If you've ever been frustrated trying to integrate Microsoft Dynamics CRM with your open-source website or content management system (CMS) due to the complexity of the application program interface (API), you might want to read this.
A Little Coding
Just a bit of coding can go a long way in reducing the CRM API to a simple representational state transfer (REST) endpoint. But for those of us who aren't .NET developers, this can be a monumental task. In addition, the authentication process using the Microsoft Dynamics CRM API is difficult from other platforms (such as PHP, Python, RAILS, etc.), and there really are no simple endpoints for non-.NET developers.
The CRM software development kit (SDK) is rich, but if you don't know how to dig into it, you can miss out on serious ROI — and a lot of open-source developers do because they eventually give up trying to figure it out.
Sign up for an
The idea with the wrapper services is that they're easy to use -- you supply your Microsoft Dynamics CRM username and password, and the service takes care of the rest.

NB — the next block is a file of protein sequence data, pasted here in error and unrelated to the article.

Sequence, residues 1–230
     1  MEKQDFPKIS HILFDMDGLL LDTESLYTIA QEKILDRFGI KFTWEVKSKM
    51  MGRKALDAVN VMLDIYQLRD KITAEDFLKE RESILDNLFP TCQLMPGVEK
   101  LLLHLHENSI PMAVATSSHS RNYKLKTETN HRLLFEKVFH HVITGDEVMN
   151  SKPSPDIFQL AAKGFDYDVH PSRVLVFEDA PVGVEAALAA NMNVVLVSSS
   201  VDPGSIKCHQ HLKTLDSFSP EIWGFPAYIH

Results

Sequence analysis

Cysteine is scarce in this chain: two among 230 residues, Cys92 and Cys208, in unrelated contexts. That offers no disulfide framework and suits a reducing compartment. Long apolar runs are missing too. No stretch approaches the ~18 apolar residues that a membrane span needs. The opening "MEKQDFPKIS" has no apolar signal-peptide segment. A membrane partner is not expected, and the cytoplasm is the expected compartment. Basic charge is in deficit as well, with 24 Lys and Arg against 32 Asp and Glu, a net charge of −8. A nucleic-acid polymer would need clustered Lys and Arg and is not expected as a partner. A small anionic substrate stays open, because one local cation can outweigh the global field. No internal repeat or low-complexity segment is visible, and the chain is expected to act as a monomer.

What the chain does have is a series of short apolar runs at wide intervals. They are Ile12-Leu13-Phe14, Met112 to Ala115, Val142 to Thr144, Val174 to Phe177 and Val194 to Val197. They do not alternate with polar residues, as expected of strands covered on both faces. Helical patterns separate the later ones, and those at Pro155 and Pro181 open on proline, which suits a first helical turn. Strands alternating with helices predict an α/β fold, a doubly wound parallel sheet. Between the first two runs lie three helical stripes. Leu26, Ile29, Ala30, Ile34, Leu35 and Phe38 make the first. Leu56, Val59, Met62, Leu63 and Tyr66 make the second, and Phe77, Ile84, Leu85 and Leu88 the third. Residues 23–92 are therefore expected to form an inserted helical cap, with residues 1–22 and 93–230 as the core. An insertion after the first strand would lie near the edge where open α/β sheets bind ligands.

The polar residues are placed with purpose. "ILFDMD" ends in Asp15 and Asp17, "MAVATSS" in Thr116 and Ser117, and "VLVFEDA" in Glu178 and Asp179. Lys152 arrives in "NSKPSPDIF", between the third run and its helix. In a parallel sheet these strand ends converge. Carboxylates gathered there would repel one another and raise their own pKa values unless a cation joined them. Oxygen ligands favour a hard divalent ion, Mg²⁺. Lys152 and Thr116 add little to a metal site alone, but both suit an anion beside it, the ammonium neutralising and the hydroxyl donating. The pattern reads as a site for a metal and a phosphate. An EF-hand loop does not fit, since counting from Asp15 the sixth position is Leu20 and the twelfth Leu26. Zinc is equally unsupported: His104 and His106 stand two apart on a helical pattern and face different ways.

Make it Easy
Wrapper services take care of the authentication layer of the API, allowing your code to call to some very simple REST endpoints for the Create, Read, Update, and Delete (CRUD) methods in CRM. Doing this makes it extremely easy to program against the API from any language supporting REST (such as PHP, Python, and other open-source platforms). They also simplify Microsoft-based languages such as C# and Visual Basic .NET for you. You can test this service out using the
- Runs in the background
- Simplifies the CRM API by providing a RESTful interface
- Relies on just your credentials, then calls Create, Read, Update, and Delete methods using only REST endpoints
- Removes the complexity and frustration associated with integration
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Patrick McLean, xRM